Yesterday, Justice Bongiorno sentenced convicted terrorist Benbrika to an effective eight years and nine months more in jail. The rest of the convicted men received lower sentences and some of them will be out of jail in less than three years.

All of this deals a crippling blow to these sort of prosecutions and is a major set back to the perception and reality of Howard’s anti-terrorist laws. Those laws were bitterly opposed by all the progressive elements in our community including the Left, the Labor Left, the Labor lawyers and the progressive lawyers such as Stary and Barns. Despite the fact that they could not win the trial, the sentences are a major victory.

The main criticism of the Howard laws was that they criminalised loose discussions, which is exactly what happened here. The Judge chose to himself reject the evidence of an informer as to specific planning and this led to very low sentences. Millions of dollars of taxpayers’ money has now been spent on a long investigation and trial (they were all Legally Aided).

But that is not the end of it: they will all appeal and I think they will probably succeed. The principal informer witness (who had already pleaded guilty) gave extremely damaging evidence. During the trial, the Judge severely criticised the reliability of the witness to the jury. Now, in his sentencing, the Judge has rejected that evidence.

All of this raises the question: given the Judge’s view that the evidence was so unreliable that it could not be accepted, how was it that the trial could continue and the evidence, which was extremely prejudicial to the accused, be permitted to be considered by the jury? For all we know, some of the jury may have convicted on the evidence of the informer. This is obviously a miscarriage of justice and I would expect the Court of Appeal to throw the convictions out.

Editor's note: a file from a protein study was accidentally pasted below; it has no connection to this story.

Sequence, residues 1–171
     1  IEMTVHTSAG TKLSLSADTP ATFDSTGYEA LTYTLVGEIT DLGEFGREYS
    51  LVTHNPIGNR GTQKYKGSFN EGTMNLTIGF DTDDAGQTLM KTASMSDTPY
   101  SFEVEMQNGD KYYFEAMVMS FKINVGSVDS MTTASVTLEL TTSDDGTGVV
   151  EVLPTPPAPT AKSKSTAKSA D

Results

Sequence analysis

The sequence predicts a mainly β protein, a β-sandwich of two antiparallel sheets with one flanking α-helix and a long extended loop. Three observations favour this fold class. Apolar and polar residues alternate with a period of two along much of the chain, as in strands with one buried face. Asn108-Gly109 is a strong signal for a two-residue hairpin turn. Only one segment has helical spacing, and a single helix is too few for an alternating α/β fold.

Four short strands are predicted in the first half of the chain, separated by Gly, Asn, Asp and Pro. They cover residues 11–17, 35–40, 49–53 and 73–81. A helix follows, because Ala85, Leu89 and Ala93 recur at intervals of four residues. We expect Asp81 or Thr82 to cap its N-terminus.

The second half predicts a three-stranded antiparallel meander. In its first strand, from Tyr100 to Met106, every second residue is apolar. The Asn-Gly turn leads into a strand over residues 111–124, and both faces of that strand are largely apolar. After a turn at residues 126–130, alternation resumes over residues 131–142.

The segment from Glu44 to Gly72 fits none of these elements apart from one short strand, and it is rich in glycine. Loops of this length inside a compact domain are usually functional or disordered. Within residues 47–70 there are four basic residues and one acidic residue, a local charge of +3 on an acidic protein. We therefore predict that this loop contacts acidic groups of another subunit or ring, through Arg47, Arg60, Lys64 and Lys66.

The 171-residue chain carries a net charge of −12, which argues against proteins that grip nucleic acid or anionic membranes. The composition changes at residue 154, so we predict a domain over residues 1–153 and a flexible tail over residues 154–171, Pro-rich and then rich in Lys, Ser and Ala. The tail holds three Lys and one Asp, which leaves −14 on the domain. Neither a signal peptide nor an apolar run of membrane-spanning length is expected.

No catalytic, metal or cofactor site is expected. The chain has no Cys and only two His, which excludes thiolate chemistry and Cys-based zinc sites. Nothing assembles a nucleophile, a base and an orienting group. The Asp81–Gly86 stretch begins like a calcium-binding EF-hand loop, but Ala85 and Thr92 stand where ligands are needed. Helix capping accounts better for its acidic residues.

It will then remain to be seen whether the Labor Government wishes to proceed with a costly re-trial (now without the evidence of the informer). The accused would have a far greater chance of acquittals at a retrial. Whilst all this is happening, most of them will have served their sentences anyway.

Further, in my view, eventually the pressure to repeal Howard’s anti-terror laws will become so great as to be irresistible. In that event, they will probably not be replaced: the argument is that the existing conventional criminal law is sufficient to deal with this sort of criminality (such as conspiracy) and that no special anti-terror laws are needed.

Finally, when there is a terrorist attack inside Australia and a few thousand citizens are killed, the pendulum will swing back to more severe laws.

But, of course, I could be wrong.

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Peter Fray
Peter Fray
Editor-in-chief of Crikey
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